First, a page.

12 Elul 5775
The next six weeks could bring anything, but the whole world feels like something really big is coming. I'm wondering if the moon is predictive of that...
Forget the 'Supermoon': What's Actually Happening at Lunar Perigee
...The most important result of the moon's elliptical orbit is that sometimes the moon is closer to the Earth, and sometimes farther away. The time when the satellite is nearest is called "perigee" and the time when it is farthest is called "apogee."
What skywatchers are most interested in is perigee, the date and time when the moon is closest to Earth. This month, perigee occurs on Sunday, Aug. 30, at 11 a.m. EDT (1500 GMT), about 18 hours after full moon. At that time, the moon will be 222,631 miles (358,290 kilometers) away from Earth.
...The important thing for astronomers is that the perigee distance is less than 223,690 miles (360,000 km). When the moon gets this close, its most important effect on the Earth — the ocean tides — gets stronger. On the day of perigee and the three days following, Earth will have larger tides than usual.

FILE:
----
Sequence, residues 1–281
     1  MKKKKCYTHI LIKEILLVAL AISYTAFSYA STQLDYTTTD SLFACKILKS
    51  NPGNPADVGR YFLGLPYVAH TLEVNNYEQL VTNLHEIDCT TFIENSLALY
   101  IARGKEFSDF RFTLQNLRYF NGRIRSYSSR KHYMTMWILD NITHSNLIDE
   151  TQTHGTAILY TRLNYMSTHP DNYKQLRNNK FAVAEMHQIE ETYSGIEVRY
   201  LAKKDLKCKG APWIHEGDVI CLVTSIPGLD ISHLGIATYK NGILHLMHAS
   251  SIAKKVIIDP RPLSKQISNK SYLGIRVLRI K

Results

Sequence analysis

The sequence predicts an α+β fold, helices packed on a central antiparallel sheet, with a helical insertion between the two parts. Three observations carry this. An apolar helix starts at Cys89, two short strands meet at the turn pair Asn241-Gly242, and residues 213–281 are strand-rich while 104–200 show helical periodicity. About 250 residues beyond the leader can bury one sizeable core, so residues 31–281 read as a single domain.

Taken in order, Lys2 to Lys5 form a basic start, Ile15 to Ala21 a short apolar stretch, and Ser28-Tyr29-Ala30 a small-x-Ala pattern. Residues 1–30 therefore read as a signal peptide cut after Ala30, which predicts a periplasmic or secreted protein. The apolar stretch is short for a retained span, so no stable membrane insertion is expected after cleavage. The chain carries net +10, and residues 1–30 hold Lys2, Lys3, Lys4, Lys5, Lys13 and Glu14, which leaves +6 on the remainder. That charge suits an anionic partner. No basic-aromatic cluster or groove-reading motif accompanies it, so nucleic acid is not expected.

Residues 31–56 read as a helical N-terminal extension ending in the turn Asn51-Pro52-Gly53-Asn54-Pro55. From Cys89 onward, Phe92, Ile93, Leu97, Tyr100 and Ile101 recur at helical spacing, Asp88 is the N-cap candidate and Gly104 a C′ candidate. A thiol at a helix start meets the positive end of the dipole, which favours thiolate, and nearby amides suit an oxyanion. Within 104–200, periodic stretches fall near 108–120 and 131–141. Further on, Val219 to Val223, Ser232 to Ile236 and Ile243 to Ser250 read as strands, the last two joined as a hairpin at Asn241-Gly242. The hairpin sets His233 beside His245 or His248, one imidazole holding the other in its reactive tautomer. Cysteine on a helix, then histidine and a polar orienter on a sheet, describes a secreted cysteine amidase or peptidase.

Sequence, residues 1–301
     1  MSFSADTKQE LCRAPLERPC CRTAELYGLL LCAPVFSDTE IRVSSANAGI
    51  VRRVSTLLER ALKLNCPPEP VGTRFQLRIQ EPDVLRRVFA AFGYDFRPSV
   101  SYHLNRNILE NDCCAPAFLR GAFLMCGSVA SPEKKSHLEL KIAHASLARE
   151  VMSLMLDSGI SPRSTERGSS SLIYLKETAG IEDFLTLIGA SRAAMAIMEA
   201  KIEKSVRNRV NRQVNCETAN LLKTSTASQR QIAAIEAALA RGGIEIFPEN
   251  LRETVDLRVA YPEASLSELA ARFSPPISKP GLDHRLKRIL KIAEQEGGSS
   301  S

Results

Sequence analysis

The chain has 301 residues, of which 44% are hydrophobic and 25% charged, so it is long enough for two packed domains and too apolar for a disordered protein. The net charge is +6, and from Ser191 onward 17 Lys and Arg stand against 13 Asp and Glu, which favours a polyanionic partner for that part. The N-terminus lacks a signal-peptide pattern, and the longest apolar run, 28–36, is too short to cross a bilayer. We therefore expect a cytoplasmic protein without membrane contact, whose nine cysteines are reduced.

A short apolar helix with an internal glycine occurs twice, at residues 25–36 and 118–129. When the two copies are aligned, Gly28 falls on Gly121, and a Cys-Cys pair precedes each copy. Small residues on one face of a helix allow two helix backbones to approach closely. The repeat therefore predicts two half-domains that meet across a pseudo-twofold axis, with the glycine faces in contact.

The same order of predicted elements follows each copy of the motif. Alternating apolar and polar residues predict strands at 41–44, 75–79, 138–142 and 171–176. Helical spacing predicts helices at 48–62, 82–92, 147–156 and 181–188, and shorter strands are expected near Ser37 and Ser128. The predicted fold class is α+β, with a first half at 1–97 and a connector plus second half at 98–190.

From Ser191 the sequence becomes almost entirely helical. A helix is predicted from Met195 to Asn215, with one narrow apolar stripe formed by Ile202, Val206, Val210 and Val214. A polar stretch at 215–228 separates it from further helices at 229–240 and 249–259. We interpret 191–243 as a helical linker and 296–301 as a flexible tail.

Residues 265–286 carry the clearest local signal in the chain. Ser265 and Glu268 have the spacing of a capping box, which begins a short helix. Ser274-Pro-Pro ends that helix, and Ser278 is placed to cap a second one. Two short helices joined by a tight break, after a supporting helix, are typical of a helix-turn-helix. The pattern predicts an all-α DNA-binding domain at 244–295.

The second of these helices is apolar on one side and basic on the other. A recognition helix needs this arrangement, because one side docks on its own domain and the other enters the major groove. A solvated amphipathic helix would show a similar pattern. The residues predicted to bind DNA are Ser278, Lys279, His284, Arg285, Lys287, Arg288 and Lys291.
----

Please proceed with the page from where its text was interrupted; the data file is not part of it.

Looking ahead to next month, full moon will fall on Sunday, Sept. 27, at 10:51 p.m. EDT (0251 GMT on Sept. 28), and perigee just 51 minutes earlier, at 10 p.m. This perigee will be the closest in 2015, at 221,753 miles (356,877 km). The result will be the largest full moon of the year and even larger high tides. Notice that both events happen in the evening, when the moon will be well placed in the sky.
...The September full moon will also pass through the Earth's shadow, causing a total eclipse of the moon, visible on the evening of Sept. 27 in North and South America, and the morning of Sept. 28 in Europe and Africa.
[This will the fourth of the so-called "tetrad of blood moons" and the first day of Sukkot.]